St Augustine's Abbey was a Benedictine abbey in Canterbury, Kent, England. In 597 Saint Augustine arrived in England, having been sent by Pope Gregory I, on what might nowadays be called a revival mission. The King of Kent at this time was Æthelberht, who happened to be married to a Christian, Bertha. Whether or not his spouse influenced him, he allowed Augustine to found a monastery just outside the walls of Canterbury to the east of the city.
King Æthelberht ordered the church to be erected of "becoming splendour, dedicated to the blessed apostles Peter and Paul, and endowed it with a variety of gifts" William Thorne, the late fourteenth-century chronicler of the Abbey, records 598 as the year of the foundation. Already standing on the site were three Saxon churches, dedicated respectively to Saints Pancras, Peter and Paul, and finally Mary. The Saxon-phase remains of the church of Saint Pancras are still extant, however, the other two churches were rebuilt by the Normans into one building. One of the main purposes of the abbey right from the outset was as a burial place for the Kings of Kent and the Archbishops of Canterbury.
This palace was leased to a succession of nobles, and in the early 17th century was in the possession of Edward Lord Wotton, who employed John Tradescant the elder, to lay out formal gardens around it. This palace is thought to have survived until a great storm in 1703, which certainly caused great damage to the already ruinous structure of the abbey. Now a World Heritage Site, the ruins of this important monastic foundation built by Saint Augustine are in the care of English Heritage. Today the ruin precincts cover a substantial area east of the cathedral, and in fact, in its heyday the abbey's church rivalled nearby Canterbury Cathedral in size.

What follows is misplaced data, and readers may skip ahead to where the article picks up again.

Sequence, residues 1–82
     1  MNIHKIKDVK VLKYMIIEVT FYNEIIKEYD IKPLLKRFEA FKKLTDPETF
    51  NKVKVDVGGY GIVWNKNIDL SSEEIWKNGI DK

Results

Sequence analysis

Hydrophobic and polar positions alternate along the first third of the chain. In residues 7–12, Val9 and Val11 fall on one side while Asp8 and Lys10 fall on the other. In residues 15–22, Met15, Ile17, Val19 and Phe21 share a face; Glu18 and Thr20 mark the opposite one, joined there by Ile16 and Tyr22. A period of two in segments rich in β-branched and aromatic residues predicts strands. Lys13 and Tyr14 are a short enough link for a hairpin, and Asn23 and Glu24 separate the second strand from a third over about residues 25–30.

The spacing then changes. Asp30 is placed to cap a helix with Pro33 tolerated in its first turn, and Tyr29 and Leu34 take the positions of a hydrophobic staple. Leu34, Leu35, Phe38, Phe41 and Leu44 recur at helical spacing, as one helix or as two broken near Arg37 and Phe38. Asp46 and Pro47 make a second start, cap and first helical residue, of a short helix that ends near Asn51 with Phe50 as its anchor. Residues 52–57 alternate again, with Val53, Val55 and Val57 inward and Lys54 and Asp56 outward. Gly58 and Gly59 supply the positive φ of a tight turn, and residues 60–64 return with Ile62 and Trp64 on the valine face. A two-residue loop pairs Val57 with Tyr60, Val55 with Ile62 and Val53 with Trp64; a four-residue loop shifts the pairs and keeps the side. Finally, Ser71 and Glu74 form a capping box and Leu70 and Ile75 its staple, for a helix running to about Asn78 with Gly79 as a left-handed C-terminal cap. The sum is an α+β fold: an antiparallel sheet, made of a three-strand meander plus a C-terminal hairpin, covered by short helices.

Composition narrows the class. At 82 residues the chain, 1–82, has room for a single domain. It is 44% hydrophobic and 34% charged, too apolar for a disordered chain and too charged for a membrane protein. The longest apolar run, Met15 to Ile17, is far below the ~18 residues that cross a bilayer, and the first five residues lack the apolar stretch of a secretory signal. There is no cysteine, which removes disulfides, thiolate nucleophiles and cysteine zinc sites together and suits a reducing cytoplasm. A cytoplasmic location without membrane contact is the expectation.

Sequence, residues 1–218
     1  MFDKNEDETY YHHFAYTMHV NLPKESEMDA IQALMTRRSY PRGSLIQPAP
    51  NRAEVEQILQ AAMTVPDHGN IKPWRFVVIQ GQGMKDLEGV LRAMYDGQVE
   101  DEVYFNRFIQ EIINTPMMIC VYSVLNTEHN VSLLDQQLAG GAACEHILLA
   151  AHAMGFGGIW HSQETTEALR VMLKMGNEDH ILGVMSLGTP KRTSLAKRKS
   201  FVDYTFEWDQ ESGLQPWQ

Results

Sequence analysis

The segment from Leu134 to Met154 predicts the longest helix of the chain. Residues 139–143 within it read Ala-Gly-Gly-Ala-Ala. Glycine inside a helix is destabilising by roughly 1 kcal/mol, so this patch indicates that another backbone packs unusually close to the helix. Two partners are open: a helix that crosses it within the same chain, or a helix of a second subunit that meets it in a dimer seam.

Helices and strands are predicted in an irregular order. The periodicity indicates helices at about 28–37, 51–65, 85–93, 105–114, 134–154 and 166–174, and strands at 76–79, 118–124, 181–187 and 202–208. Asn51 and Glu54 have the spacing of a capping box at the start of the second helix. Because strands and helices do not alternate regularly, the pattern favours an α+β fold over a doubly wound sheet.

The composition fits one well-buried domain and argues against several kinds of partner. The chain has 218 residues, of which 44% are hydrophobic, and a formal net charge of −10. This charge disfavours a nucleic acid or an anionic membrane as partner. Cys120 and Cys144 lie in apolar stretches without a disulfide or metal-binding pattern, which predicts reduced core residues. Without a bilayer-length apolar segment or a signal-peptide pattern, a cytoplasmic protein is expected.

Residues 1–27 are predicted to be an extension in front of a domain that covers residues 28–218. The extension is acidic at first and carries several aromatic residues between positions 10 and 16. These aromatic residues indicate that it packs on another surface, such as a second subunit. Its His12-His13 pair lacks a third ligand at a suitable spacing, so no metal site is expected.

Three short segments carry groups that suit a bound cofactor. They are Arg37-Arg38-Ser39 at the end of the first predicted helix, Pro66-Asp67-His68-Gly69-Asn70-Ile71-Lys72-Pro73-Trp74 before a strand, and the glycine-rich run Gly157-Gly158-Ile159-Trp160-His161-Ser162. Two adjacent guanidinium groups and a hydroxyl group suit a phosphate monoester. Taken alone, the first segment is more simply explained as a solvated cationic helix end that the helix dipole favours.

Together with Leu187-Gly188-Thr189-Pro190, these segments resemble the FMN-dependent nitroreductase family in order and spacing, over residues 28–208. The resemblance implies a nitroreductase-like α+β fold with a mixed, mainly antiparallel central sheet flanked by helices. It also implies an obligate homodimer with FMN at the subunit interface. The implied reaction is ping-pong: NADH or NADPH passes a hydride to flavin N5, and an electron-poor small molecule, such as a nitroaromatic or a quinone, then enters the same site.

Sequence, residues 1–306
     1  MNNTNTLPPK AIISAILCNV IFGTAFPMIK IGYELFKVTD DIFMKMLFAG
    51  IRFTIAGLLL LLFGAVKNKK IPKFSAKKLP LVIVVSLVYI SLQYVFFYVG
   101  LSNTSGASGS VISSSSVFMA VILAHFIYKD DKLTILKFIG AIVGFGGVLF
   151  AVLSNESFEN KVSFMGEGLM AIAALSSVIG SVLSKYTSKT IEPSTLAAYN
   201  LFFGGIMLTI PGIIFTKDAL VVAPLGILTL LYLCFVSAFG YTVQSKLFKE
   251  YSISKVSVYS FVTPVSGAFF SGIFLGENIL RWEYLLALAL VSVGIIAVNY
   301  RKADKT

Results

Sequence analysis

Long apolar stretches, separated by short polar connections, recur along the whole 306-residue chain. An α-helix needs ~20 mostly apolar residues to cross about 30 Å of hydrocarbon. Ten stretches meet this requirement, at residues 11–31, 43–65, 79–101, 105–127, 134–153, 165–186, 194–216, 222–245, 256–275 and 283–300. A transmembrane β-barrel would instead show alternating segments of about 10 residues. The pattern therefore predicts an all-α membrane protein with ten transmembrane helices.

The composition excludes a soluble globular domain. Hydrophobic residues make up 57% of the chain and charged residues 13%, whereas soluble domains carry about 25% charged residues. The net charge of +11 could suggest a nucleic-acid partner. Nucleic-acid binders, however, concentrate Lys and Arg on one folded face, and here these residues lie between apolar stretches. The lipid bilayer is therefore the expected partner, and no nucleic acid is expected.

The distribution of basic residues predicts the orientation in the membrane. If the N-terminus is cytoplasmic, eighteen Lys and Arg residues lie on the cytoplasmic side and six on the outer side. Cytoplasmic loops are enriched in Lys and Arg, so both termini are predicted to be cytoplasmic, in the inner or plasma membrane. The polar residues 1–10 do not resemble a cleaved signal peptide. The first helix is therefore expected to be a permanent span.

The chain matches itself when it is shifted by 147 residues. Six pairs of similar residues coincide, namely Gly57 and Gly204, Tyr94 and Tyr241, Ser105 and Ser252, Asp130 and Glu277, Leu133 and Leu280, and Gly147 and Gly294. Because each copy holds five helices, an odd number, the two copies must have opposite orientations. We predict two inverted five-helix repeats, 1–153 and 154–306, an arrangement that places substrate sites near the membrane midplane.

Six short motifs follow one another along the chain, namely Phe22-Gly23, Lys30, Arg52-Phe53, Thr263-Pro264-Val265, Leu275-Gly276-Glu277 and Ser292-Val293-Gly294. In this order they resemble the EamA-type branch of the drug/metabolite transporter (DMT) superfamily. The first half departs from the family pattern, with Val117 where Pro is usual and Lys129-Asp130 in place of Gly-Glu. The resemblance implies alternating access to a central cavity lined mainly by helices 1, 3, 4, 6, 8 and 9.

In 1535 Henry VIII dissolved all monasteries found to have an annual income less than £100. It survived this first round of closures as its income was found to be £1733, but on 30 July 1538 the abbey's fate was sealed when it fell to the dissolution of Henry VIII. The abbey was systematically dismantled over the next fifteen years, although part of the site was converted to a palace, ready for the arrival of Anne of Cleves from Germany.